Governor Scott Walker in the news

Just heard Wisconsin Public Radio news this morning about tourism in Wisconsin. Governor Scott Walker will promote tourism with money devoted to tourism. He plans to spend $11 million in 2011 and over $13 million in 2012. The Governor mentioned that putting money towards tourism will lead to 250,000 jobs. Governor Walker stated that people living in Illinois and Minnesota are more likely to come to Wisconsin instead of planning cross-country vacation trips. This is one area that the Governor is protecting; and I must say that being an executive director of a nonprofit environmental education organization this is good news because we implemented a Monarch Butterfly Habitat in Shell Lake, WI.  Shell Lake is ready to invite visitors to our fair city.

There is always two sides to a story. I am concerned that the Governor is keeping money for recreation on the upbeat at the same time that he slices through the Social Programs that are the core of human dignity services that protect the old, infirmed, single adults and disabled. Health care provider organizations and social workers have worked hard over the past few years to ensure that all Wisconsin residents are treated with respect in the area of health care. Many of these special angels of mercy believe in having medical insurance for the poor and the uninsured. As a senior, I know the Budget Repair Bill may take away SeniorCare prescription coverage. This is an affordable plan.  How will seniors be able to afford medicine without a wonderful program such as SeniorCare?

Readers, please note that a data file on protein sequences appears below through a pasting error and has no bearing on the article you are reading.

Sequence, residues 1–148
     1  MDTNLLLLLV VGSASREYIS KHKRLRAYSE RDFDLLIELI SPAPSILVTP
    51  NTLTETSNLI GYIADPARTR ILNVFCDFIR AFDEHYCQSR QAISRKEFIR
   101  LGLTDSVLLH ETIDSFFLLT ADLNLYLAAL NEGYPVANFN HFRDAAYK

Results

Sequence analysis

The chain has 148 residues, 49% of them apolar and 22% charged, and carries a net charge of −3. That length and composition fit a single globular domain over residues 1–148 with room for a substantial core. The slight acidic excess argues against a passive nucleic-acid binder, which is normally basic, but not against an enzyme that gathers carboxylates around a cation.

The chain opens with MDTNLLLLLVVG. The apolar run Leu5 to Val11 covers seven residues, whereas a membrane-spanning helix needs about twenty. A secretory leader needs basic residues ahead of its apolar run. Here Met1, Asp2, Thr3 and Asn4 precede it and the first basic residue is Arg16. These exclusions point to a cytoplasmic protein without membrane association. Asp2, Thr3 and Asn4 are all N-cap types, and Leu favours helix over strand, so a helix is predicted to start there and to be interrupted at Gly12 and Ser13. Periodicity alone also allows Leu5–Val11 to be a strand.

I did hear from Senator Jauch today via email with excerpts as follows: “This is an historic moment. We didn’t plan for it, but citizens have seized the opportunity to protect the values, traditions and rights that make Wisconsin special. I stand by my decision to leave Wisconsin to go to the Land of Lincoln to protect these values. When history records our time I wish to be on the right side of protecting workers and not on the wrong side of eliminating workers’ rights.

I hope that the Governor and the Republicans will soon realize that their obligation is to listen to the overwhelming majority of the citizens of our wonderful state and not adhere to the rigid ideologues who don’t care about good government in our state.

Wisconsin policies have always been a beacon to the rest of the nation. It is my hope that we can find a resolution that protects worker rights and taxpayer and preserves collective bargaining. Such an agreement can lead to unity instead of division and enable us to then work together to improve our economy and move Wisconsin forward.”

Bob Jauch
State Senator

Victorian and Contemporary Needle Work in Wisconsin

Ann Veronia (Ronnie) Hohos
Ann Veronia (Ronnie) Hohos

A Madison Magazine featured this online article about needle work in Wisconsin. I find this interesting because my sister Ann Veronica (Ronnie) Hohos noted the outstanding needle work she saw while visiting me in Washburn County this past summer. We went to the Spooner Fair and Ronnie saw a display of handwork there. She ought to know, Ronnie is a master needle woman herself.

Here is the link for the article at